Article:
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  • FIRST POST
    • Former MSE Helen
    • By Former MSE Helen 14th Jun 12, 8:33 AM
    • 2,324Posts
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    Former MSE Helen
    MSE News: Savers' deposits to be ring-fenced from banks' investment arms
    • #1
    • 14th Jun 12, 8:33 AM
    MSE News: Savers' deposits to be ring-fenced from banks' investment arms 14th Jun 12 at 8:33 AM
    "Banks will be forced to ring-fence savers' cash from their risky casino-style investment arms to protect deposits ..."

Page 1
    • Reaper
    • By Reaper 14th Jun 12, 9:54 AM
    • 6,486 Posts
    • 4,841 Thanks
    Reaper
    • #2
    • 14th Jun 12, 9:54 AM
    • #2
    • 14th Jun 12, 9:54 AM
    The banking sector argues the plan would push up the cost of business loans and mortgages, as bondholders could demand banks pay higher interest rates to offset the greater risk they face on investments
    Of course bond holders will demand more for the extra risk - but only because the risk is artificially low at the moment.

    The market is currently biased in the banks favour because those lending to banks know the government will be forced to prop them up no matter how irresponsibly they have been run.

    I approve of the government's plan and indeed would have preferred to go a lot further. I would like to have seen them forced to split investment banking and retail banking into 2 separate independent companies which raise money and survive or fail on their own.
    • talexuser
    • By talexuser 14th Jun 12, 10:16 AM
    • 2,658 Posts
    • 2,090 Thanks
    talexuser
    • #3
    • 14th Jun 12, 10:16 AM
    • #3
    • 14th Jun 12, 10:16 AM
    I would like to have seen them forced to split investment banking and retail banking into 2 separate independent companies which raise money and survive or fail on their own.
    Originally posted by Reaper
    Exactly. Is this not effectively what Glass/Steagall Act was in the US before they stupidly got rid of it after many years of (expensive) lobbying from the banks?

    It makes me very wary of these blanket calls of deregulation since many regard getting rid of banking regulations as the direct precursor to the credit crunch and consequent taxpayer bailouts.
    • grumbler
    • By grumbler 14th Jun 12, 10:20 AM
    • 51,709 Posts
    • 21,932 Thanks
    grumbler
    • #4
    • 14th Jun 12, 10:20 AM
    • #4
    • 14th Jun 12, 10:20 AM
    risky investments will be held in a separate pot to savers' money. Risky loans and mortgages will also be held separately
    I wonder what is a 'non risky' investment nowadays? Governments bonds maybe?
    We are born naked, wet and hungry...Then things get worse.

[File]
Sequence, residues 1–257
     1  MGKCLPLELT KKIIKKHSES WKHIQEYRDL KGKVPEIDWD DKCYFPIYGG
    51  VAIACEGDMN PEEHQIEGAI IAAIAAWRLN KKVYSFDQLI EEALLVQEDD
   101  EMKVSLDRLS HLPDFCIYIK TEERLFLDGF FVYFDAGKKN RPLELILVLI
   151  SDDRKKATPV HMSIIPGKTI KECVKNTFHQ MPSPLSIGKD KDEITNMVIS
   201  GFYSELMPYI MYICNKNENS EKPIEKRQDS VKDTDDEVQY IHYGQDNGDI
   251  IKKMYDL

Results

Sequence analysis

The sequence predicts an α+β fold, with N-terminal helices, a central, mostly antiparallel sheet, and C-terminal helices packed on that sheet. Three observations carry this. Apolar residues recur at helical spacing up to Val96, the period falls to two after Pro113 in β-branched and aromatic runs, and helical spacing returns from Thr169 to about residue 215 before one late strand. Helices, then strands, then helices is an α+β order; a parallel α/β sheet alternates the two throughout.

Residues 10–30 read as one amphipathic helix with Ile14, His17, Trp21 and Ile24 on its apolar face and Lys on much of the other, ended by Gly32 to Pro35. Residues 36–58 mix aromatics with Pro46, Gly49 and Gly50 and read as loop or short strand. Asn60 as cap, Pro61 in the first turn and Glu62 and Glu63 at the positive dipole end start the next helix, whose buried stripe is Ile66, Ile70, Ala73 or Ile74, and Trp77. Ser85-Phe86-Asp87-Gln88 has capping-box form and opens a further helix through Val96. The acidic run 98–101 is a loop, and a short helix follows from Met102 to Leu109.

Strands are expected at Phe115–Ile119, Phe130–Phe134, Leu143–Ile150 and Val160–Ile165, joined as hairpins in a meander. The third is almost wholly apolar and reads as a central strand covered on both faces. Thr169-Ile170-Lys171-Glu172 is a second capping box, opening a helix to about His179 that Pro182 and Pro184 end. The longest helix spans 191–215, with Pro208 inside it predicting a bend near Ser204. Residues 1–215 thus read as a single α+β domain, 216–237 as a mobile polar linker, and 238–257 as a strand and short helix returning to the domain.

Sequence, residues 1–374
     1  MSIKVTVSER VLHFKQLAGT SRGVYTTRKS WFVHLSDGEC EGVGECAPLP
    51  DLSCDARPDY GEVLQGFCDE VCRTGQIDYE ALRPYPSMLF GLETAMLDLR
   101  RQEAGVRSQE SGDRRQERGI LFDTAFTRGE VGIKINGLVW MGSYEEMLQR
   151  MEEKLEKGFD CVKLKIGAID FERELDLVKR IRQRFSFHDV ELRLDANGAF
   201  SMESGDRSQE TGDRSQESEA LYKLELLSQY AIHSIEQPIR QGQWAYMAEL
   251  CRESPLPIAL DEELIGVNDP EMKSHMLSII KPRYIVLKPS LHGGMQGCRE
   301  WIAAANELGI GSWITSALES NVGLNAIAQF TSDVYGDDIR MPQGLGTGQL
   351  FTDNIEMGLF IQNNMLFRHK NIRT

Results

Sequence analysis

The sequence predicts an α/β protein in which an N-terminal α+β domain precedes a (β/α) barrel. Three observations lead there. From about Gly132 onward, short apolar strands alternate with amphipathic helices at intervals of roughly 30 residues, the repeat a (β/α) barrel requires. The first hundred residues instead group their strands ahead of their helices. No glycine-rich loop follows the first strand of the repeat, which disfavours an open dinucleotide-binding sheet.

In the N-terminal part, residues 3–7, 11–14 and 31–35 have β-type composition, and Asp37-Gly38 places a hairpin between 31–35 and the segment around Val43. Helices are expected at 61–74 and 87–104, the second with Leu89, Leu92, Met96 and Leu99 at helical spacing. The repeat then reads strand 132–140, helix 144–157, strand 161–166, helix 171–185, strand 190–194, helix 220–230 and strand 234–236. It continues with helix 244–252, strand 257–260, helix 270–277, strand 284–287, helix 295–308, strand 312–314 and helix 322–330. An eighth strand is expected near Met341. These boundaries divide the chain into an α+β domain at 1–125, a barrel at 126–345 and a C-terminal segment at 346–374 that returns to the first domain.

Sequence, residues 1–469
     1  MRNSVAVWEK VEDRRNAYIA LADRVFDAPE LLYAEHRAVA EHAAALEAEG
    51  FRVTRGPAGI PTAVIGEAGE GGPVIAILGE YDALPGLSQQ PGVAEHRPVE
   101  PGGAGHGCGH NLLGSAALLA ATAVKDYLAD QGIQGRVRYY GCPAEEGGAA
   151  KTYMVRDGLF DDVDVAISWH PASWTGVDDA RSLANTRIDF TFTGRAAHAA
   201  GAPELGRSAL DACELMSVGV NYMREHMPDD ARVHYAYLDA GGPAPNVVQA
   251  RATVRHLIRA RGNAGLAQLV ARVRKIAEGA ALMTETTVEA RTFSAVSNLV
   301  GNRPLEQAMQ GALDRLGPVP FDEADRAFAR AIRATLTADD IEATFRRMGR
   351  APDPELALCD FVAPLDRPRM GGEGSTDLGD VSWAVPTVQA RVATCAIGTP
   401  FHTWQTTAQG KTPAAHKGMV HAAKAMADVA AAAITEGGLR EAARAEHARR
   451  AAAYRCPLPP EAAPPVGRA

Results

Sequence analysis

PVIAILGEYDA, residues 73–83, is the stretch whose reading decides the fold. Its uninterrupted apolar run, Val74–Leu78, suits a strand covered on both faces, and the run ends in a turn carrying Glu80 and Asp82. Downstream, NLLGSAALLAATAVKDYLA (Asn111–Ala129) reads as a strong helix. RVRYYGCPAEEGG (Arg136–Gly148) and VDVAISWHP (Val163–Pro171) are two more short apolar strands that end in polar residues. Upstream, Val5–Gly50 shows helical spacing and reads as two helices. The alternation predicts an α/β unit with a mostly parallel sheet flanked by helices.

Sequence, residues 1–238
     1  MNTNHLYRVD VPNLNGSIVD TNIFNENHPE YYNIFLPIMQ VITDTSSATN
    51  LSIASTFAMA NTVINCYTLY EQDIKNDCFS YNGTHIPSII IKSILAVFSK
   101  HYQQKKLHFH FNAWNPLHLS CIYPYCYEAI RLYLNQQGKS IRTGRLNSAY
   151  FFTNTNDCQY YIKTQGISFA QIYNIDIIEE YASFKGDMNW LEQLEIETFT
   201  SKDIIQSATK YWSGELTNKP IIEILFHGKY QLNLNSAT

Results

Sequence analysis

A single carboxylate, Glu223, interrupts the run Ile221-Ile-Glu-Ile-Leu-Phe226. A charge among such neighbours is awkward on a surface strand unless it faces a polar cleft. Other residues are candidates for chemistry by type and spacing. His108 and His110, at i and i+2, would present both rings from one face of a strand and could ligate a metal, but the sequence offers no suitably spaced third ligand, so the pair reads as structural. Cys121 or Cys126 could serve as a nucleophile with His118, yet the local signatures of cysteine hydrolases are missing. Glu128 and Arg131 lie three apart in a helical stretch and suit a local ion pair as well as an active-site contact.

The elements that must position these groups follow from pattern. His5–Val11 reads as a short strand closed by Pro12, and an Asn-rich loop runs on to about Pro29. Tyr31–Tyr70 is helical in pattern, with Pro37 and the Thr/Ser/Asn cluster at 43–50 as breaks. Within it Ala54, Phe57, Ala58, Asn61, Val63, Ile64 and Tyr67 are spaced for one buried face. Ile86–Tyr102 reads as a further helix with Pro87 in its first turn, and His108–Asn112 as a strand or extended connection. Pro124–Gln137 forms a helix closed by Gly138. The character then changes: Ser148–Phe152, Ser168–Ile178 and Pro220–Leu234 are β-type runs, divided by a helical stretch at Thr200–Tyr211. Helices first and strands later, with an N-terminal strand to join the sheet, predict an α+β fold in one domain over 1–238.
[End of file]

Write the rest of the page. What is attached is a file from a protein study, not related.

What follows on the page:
.withdrawal, NOT withdrawel ..bear with me, NOT bare with me
    .definitely, NOT definately ......separate, NOT seperate
    should have, NOT should of
    .....guaranteed, NOT guarenteed
    • Consumerist
    • By Consumerist 14th Jun 12, 12:08 PM
    • 5,204 Posts
    • 2,604 Thanks
    Consumerist
    • #5
    • 14th Jun 12, 12:08 PM
    • #5
    • 14th Jun 12, 12:08 PM
    "Banks say the move could drive up borrowing costs for consumers."

    Consumer borrowing costs are of little consequence to government but taxpayer-funded bailouts are. Savers already have FSCS protection up to £85,000 so this change will be of limited benefit to most of us.
    Warning: In the kingdom of the blind, the one-eyed man is king.
    • Debt_Free_Chick
    • By Debt_Free_Chick 14th Jun 12, 1:58 PM
    • 13,149 Posts
    • 9,492 Thanks
    Debt_Free_Chick
    • #6
    • 14th Jun 12, 1:58 PM
    • #6
    • 14th Jun 12, 1:58 PM
    Seems somewhat counter-intuitive to have two businesses each with its own concentrated risk.

    Must be more to it than simply "protecting depositors' savings" as that could be achieved without breaking up the bank.

    End of so-called free banking I imagine ....
    Warning ..... I'm a peri-menopausal axe-wielding maniac
    • oldvicar
    • By oldvicar 14th Jun 12, 10:21 PM
    • 1,068 Posts
    • 944 Thanks
    oldvicar
    • #7
    • 14th Jun 12, 10:21 PM
    • #7
    • 14th Jun 12, 10:21 PM
    Banks will be forced to ring-fence savers' cash from their risky casino-style investment arms to protect deposits and avoid a run like that which brought down Northern Rock in 2007
    I fail to see how the splitting of bank's business in this way avoids a run on the bank like Northern Rock. First whiff of problems and depositors will be queueing round the block to take their mony out.
    • Milarky
    • By Milarky 15th Jun 12, 9:19 AM
    • 6,290 Posts
    • 2,209 Thanks